Warning, scenario number 4 may not be appropriate for all viewers...
Monday, April 25, 2011
Sunday, April 17, 2011
Wednesday, April 13, 2011
Saturday, April 9, 2011
Update: over 50 missiles have been fired into Israel since Saturday morning according to the Jerusalem Post. There should be no mistake, this is causus belli. Now the Hamas political wing is distancing itself from the military wing. We're not fooled. They are murdering savages as they always have been.
The boys in the neighborhood have invented a new game called "Iron Dome" (The antimissle system that has successfully intercepted and destroyed several of the missiles. The system intercepts only those that endanger major population centers): One kid throws a ball into the air, and another tries to knock it down with a frisbee.
Children remain children, even during war.
I was planning to post more about the doctor's strike because the media is repeating Treasury's propaganda about money hungry doctors. The best laid plans of mice and men...
The Hamas terrorism by missles has escalated. This is actually not true. There are always missles and mortars and katyushas, but this time the results were tragic. But that's not true either. The ongoing terror of Southern Israel by the barbaric arabs of Gaza is ever present. Whether there are casualties or not is irrelevent. The disruption of life is enough. This the world doesn't want to understand in it's quest to champion the cause de jour. We left Gaza, it was painful and traumatic for us. Despite Arab probaganda there is no shortage there of food, fuel or any commodity. What more do they want? It's obvious, they want us dead. To justify their barbarism the Arabs continue to perpetuate the lies that we are oppressing them, when it's the exact opposite. They oppress and terrorize us, and have been doing so for a 100 years.
I was supervising anesthesiologist in the OR two days ago. The alert came: send an anesthesiologist to the trauma room. There was a missle attack on a school bus, one critically injured child is being evacuated by helicopter. "Only one?" I thought to myself. Either there was a terrible tragedy and only one survived or there was a terrible miracle and only one was injured. As it turned out, the bus was empty except for that one boy and the driver. Minutes before, 50 children had alighted the bus. A disaster was narrowly averted. Later, the Hamas took credit for the attack that was perpetrated with an anti-tank missle. This means that the clearly marked bus was deliberately targeted. The bastards.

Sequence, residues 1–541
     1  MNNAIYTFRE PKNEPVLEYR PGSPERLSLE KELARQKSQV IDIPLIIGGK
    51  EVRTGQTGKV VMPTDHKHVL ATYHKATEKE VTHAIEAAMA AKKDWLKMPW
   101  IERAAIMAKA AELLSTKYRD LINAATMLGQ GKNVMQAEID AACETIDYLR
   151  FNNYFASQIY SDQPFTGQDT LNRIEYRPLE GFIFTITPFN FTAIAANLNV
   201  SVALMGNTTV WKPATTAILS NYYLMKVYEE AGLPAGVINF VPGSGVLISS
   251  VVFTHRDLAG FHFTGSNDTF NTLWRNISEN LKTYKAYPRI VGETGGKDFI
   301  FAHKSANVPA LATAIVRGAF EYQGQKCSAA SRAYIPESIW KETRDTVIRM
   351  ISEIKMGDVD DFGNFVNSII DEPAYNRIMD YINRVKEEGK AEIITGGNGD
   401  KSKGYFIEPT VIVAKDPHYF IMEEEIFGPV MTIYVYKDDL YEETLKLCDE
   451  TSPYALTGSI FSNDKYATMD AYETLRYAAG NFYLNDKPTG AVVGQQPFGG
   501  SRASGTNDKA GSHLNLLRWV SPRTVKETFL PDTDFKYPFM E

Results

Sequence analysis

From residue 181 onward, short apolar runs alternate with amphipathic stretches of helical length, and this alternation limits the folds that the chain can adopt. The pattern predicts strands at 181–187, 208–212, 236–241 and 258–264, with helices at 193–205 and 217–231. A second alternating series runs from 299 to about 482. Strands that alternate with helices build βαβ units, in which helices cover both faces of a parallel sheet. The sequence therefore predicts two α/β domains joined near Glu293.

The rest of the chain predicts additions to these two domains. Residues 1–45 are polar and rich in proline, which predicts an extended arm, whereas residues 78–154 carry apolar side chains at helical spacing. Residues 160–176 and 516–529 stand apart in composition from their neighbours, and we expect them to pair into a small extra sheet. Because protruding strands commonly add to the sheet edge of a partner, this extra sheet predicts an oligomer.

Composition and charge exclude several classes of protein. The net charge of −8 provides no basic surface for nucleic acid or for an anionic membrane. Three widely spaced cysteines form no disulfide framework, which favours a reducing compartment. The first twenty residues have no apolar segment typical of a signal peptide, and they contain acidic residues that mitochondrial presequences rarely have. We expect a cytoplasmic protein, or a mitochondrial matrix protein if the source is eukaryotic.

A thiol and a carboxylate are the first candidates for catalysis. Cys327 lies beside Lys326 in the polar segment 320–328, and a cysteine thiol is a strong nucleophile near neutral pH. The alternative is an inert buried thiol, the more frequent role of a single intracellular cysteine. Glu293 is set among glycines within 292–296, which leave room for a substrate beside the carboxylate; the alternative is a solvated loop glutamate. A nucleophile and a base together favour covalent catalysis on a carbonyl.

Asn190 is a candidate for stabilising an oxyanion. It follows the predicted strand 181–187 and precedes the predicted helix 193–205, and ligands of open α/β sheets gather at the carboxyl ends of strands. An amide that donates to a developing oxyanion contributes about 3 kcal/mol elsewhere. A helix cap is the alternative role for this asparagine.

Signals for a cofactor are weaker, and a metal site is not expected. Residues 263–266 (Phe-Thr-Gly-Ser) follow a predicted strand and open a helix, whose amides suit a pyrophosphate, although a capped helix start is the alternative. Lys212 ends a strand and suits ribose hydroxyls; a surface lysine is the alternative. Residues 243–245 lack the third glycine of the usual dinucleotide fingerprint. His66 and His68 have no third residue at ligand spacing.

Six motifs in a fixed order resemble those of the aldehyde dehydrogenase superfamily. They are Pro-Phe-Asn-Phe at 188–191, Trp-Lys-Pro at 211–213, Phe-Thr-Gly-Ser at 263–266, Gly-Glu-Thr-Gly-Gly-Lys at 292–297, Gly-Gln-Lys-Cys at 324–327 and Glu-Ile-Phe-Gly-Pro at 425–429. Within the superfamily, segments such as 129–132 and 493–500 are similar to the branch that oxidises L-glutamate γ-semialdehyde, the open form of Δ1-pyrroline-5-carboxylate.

The neurosurgeon brought the boy, a teenager to the OR. The expression on his face told me all I needed to know. Critical head injury requiring a craniectomty to relieve the elevated intracranial pressure. We did all medicine can do. Now it's up to God.
When we transferred the boy to the PICU (Peds ICU), the parents were in the waiting room. The father stoicly quiet, and the mother crying silently.
Wednesday, April 6, 2011
I've been doing this medicine gig for over 14 years, if you count medical school it's been about 20 years that I've been living, drinking and eating medicine. During these two decades, I've seen some pretty astounding things. And every time that something extraordinary presents itself, I say, "That's it, now I've seen everything. I will never be surprised again." There is a limit to how many surprises one can encounter.
Every time something else pops up. And it leaves me scratching my head in wonder. So yesterday I was on call in the OR. The surgeons were bringing down a guy who had stumbled into the Emergency Dept. a few days ago drunk as a duck after having been savagely beaten by, as he put it, "some very bad people".
The CT scan found some sort of cyst or hematoma in the area of the pancreas and an intimal flap (a small tear in the inner surface) of the aorta. He was in the ICU and so I prepared the room for an anesthetized ventilated patient. These preparations are actually quite simple since they come from the ICU fully monitored. I call these patients, "plug and play". Just hook 'em up to the anesthesia machine and the monitors and let the games begin.